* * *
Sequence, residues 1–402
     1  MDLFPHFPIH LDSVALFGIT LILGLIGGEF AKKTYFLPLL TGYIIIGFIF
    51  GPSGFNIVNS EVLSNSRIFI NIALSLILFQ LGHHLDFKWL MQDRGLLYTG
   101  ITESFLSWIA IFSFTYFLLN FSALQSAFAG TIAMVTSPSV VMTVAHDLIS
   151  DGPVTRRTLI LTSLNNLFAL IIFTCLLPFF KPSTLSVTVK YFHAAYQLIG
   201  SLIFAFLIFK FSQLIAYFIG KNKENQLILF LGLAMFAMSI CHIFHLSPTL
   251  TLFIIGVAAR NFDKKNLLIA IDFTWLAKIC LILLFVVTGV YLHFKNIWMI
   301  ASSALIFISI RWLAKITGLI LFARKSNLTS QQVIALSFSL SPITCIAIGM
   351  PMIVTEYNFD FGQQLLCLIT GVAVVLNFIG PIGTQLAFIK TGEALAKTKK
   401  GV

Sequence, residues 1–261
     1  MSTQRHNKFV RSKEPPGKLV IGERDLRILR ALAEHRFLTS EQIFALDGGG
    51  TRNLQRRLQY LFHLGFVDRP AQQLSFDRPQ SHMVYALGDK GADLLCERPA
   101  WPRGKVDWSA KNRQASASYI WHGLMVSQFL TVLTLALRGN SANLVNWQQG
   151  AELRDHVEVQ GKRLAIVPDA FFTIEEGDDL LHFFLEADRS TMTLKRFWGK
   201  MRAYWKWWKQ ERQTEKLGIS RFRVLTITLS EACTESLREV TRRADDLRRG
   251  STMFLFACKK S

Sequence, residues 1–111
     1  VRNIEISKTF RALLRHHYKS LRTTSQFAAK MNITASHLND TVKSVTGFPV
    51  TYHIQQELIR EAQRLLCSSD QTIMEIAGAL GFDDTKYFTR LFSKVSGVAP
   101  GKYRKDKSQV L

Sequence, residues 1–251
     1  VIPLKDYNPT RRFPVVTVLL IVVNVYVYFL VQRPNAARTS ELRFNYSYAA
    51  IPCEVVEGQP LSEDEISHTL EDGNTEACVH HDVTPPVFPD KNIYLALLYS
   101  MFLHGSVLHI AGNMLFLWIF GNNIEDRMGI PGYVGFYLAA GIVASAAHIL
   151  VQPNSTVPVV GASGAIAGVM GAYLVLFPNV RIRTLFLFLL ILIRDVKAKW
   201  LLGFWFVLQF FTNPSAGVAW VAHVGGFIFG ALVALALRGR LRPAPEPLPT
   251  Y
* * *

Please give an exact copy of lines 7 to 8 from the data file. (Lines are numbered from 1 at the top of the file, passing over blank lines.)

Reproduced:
   251  TLFIIGVAAR NFDKKNLLIA IDFTWLAKIC LILLFVVTGV YLHFKNIWMI
   301  ASSALIFISI RWLAKITGLI LFARKSNLTS QQVIALSFSL SPITCIAIGM